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Top Gun


Top Gun

ESRB: Everyone - E
Platform: PS3
Category: Flight Sims

Developer: Doublesix
Publisher: Paramount Digital Entertainment


Rated T for Teen
Up to 16 players across five multiplayer modes
Includes namesakes of characters from movie
Arcade-style aerial combat

Ah Top Gun. I remember being envious of just how cool Iceman’s hair was, the wicked soundtrack and just how cool they made flying fighter planes look. Twenty-four years after the movie’s release there has been a multitude of Top Gun games made, some good, others not so much. Released exclusively on the Playstation Network as a downloadable title for $14.99, I’ve put Top Gun through its paces.


The graphics aren’t bad but given the quality of what we’re seeing from other downloadable titles lately I’d be lying if I said I wasn’t left wanting a little more. While the various characters from the movie are in the game it’s really only their names. For those hoping to see Tom Cruise and Val Kilmer in all their moussed up, shirtless volleyball scene glory, you’re going to be disappointed. The pop-up windows during cut scenes feature only very generic characters.

The planes all look like their real world versions and feature several skins to customize their looks. I should note that you also don’t have to stick to just the F-14 like they did in the movie. There are several planes available including the F-16, F-18 and some MiG’s too. Each have their own attributes like speed and agility that makes switching up the planes fun to find out what works best for you. You can choose how to arm your planes as well with different missiles that sacrifice range for manoeuvrability. At least it makes you think a little bit before missions.

Playing the game can be done from a close or far third person view or a first person viewpoint. Sadly the first person viewpoint does not include any sort of cockpit. While I found the controls in first person view the most precise, I preferred the more distant third person view myself because I felt it offered the widest viewing angle.

While the textures for the sky are nice, the terrain textures suffer from being a little too bland and there’s not a lot of three dimension stuff in terms of structures on the ground. There are some neat effects such as the vapour trails from your missiles but the explosions lack a sense of impact.


When I think Top Gun I want epic guitar themes, ripping Kenny Loggins’ music tracks and lots of dialogue. With this game you get a little bit of that in some form or another but it’s not enough in some cases and simply horrible in others. Things start out promisingly enough on the title screen with the opening theme from the movie. Other than some music attempting to sound like Broken Wings from the first Top Gun mission against Jester that’s about all there really is save for the very last mission.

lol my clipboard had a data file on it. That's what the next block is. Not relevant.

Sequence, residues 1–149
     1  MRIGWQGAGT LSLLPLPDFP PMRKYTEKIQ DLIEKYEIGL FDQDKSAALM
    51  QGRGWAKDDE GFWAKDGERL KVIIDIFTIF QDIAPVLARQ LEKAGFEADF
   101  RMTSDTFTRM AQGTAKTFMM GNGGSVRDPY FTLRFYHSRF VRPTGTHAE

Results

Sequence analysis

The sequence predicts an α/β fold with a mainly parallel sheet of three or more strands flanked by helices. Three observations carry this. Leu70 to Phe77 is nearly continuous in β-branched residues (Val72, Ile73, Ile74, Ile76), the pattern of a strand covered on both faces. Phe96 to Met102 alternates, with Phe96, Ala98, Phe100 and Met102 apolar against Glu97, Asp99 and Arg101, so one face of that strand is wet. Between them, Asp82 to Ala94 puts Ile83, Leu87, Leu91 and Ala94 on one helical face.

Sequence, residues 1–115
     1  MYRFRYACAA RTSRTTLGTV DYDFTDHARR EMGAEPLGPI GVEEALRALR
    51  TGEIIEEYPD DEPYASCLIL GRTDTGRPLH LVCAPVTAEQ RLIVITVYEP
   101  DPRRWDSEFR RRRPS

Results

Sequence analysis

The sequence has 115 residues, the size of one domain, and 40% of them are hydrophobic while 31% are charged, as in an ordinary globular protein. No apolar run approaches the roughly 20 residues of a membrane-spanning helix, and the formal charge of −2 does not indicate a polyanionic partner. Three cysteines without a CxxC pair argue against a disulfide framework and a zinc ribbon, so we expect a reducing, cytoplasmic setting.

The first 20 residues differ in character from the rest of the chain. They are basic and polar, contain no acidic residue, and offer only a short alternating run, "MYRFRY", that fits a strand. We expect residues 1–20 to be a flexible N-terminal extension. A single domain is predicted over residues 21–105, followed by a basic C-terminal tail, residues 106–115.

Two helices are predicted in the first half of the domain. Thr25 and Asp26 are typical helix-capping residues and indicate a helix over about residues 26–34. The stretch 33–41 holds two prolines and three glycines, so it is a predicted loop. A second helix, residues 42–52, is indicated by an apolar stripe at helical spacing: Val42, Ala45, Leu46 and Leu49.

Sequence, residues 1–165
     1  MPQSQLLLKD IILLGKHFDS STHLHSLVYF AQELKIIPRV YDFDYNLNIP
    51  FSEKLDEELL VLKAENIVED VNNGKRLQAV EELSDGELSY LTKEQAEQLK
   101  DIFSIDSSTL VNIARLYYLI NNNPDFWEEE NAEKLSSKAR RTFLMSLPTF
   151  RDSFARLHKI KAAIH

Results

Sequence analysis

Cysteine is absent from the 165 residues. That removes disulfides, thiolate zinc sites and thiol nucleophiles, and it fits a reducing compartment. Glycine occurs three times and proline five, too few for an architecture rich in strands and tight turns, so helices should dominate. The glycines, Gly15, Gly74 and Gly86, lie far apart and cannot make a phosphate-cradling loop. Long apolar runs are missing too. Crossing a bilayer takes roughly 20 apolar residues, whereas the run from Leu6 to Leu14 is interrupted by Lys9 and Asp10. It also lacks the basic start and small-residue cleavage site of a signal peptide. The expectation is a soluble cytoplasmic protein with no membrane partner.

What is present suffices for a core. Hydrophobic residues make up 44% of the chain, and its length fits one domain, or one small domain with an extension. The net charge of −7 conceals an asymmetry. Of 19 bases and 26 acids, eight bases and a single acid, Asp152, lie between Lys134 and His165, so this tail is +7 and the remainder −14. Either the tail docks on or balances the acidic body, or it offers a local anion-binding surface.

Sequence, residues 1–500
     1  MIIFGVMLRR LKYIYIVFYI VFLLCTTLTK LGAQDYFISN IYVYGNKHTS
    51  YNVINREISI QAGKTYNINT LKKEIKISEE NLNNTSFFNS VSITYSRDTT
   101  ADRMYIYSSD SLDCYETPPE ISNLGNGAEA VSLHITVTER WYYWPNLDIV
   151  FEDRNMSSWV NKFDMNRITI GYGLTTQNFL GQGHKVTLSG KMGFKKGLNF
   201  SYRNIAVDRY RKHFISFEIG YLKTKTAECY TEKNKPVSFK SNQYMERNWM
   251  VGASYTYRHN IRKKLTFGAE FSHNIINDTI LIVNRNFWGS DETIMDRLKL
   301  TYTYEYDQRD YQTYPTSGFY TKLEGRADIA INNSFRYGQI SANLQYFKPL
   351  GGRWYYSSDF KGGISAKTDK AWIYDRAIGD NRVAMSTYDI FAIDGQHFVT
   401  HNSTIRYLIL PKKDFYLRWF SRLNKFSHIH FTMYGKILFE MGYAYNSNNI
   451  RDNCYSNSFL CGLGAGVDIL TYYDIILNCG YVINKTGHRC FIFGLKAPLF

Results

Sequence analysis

The voice acting is downright laughable. I can’t fall back on the excuse of this being a downloadable title either. $15 isn’t approaching the high side of being considered cheap and while naturally the real actors don’t lend their voices to the game you would think anyone could do a better job than who they’ve used. While a lot of dialogue from the movie is there it just feels forced and out of place. The horrible voice acting just takes it to a whole new level of badness. Thankfully the in-game sounds are decent enough.


Top Gun is best described as an aerial combat game with a distinct arcade slant to it. For aerial combat game fans I would slot it in between Afterburner and Ace Combat. The game loosely follows the plot of the movie. You play an introductory prologue before going to the Top Gun school and then finish things off over the Indian Ocean. The missions are a combination of dogfighting and ground attacks. They’re varied enough to keep things interesting from one mission to the next and there’s eleven in total. I found this a little short.

Top Gun uses the left thumbstick for pitch and roll (pretty much all your movement). Mapping all movement to the one thumbstick allows for the right thumbstick to be used to look around. I found this especially useful when playing the first person viewpoint (more on that later) which seems to have a narrower field of view than the two third-person views. The controls are little too touchy for my liking. For me this seems to be less a problem with the game though and more of an issue I have with the PS3 controller’s thumbsticks. What really helps are left and right yaw adjustments that are mapped to the shoulder buttons. Getting comfortable with these makes a big difference in improving accuracy especially against stationary ground targets using your guns. It’ll take a bit of practise but it’s worth it.

Speaking of using the guns, I’ve always found it frustrating in fighter games in that it’s extremely difficult to guess just how far to lead other planes in order to actually hit them. Top Gun’s HUD displays a gun targeting reticle that takes this in to account and changes colour when you’re in range. I found this very user friendly and it made the guns actually usable for me against other planes. So kudos there.

Also unique to Top Gun is what they call Controlled Flight Instability (CFI). This is a limited-time power that pulls the view away from behind the plane and centres your plane between your view and the currently targeted enemy. What this allows for is a simpler and sometimes quicker means of gaining the right position to take a shot at your target. It also takes some getting used to and might be a little familiar if you’ve played HAWX. The fact that it’s only available for a short time (think of it like a turbo button in a racing game that regenerates) adds an interesting dynamic to dogfights.

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